Investing By The Book

By Sham Gad | April 16, 2012 AAA

For the majority of investors who will not or cannot devote the painstaking time to extensively research an investment idea, there is a simple approach that, over time, should deliver satisfactory results: investing in stocks trading below book value.
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Good Book Vs. Bad Book
By simply exerting effort to determine whether book value is good or bad, investors can build a list of quality investment ideas. Book or equity, value is just that, the residual value left over for stockholders. So if a company has book value of $1 million and is trading for a value of $600,000, that's an intriguing situation. The simple task is to determine what that $1 million in equity is made up of. If it was mostly cash, accounts receivables or other high quality assets like modern machinery and facilities, that's good book value.

SEE: Reading The Balance Sheet

But if the equity value is made of assets that aren't that attractive, then the equity value may be overstated. For example, Barnes and Noble (NYSE:BKS) trades at 76% of book value of $820 million. Yet, the bulk of the company's assets are made up of inventory, which is predominately books that are often marked down in order to compete with Amazon (Nasdaq:AMZN). This is an example of bad book value.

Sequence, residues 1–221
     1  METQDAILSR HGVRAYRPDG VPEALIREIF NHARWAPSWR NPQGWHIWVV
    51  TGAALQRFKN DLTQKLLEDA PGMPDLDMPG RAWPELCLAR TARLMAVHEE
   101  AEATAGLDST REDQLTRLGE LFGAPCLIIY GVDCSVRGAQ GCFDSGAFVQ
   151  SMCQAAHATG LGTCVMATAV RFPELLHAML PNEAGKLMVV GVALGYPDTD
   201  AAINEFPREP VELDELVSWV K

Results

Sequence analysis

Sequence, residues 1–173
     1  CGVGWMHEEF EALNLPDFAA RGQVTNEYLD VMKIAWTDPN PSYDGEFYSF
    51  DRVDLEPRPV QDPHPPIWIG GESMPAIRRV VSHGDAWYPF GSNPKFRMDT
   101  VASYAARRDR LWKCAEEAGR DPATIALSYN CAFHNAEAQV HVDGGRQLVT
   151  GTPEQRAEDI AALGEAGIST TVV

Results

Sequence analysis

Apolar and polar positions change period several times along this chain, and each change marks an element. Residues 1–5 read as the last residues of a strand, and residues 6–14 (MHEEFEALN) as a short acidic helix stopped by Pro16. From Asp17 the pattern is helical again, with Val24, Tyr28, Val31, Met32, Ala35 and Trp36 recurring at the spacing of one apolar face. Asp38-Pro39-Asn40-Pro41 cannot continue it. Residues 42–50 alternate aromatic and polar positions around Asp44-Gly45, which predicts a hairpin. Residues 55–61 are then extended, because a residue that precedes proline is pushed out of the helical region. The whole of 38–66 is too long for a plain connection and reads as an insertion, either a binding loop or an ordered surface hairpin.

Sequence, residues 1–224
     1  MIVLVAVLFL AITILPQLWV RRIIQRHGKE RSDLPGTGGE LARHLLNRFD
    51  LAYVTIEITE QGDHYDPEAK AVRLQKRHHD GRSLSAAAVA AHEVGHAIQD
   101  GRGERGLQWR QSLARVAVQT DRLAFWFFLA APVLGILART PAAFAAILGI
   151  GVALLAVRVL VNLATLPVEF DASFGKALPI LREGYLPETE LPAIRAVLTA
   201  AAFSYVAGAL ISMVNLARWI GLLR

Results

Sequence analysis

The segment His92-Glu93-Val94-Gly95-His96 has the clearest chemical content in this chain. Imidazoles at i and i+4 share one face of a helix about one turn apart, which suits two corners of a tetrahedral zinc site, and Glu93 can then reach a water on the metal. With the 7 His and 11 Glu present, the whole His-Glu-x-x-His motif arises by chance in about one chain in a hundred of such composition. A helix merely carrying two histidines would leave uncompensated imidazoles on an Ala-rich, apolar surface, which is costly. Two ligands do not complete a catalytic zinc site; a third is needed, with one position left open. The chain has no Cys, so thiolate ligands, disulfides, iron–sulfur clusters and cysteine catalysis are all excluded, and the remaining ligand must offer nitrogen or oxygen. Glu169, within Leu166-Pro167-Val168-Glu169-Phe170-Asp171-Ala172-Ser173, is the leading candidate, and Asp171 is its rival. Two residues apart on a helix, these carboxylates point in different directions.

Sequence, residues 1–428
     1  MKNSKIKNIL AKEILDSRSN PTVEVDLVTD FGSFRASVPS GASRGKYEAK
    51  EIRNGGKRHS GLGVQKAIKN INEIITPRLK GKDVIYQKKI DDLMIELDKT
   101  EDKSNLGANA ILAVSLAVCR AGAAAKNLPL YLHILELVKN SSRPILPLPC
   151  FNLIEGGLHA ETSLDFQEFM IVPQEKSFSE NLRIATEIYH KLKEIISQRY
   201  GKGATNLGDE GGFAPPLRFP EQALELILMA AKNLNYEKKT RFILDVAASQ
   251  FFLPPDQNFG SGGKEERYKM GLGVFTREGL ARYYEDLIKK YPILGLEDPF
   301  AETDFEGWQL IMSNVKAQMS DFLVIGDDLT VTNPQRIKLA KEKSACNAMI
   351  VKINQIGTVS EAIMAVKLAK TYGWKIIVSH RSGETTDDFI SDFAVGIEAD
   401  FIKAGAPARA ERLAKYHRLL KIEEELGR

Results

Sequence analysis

Worthy Assets
Callaway Golf (NYSE:ELY) is well known for their golf products, and trades at 83% of book value. More so, Callaway has a great balance sheet that is free of debt. Assets consist of a balanced mix of cash, receivables, inventories and intangibles. Given the value of the brand name, I wouldn't completely dismiss the value of the brand.

Wolverine Bancorp (Nasdaq:WBKC) is a small-cap bank trading for 57% of tangible book value. Yet unlike the uncertainty surrounding the mega-cap financials, Wolverine is a recently converted thrift with a relatively clean balance sheet, no subprime loans or any other exotically named financial product. Based in Michigan, the concern is the overall economy in the state but Wolverine benefits as Michigan climbs up from rock bottom. In the meantime, the overcapitalized balance sheet leaves the door open for buybacks and dividends.

The Bottom Line
Buying stocks at a discount to book value has a history of rewarding investors. The key is to not get duped by a book value that is weak or meaningless.

SEE: 5 Must-Have Metrics For Value Investors

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At the time of writing, Sham Gad did not own shares in any of the companies mentioned in this article.

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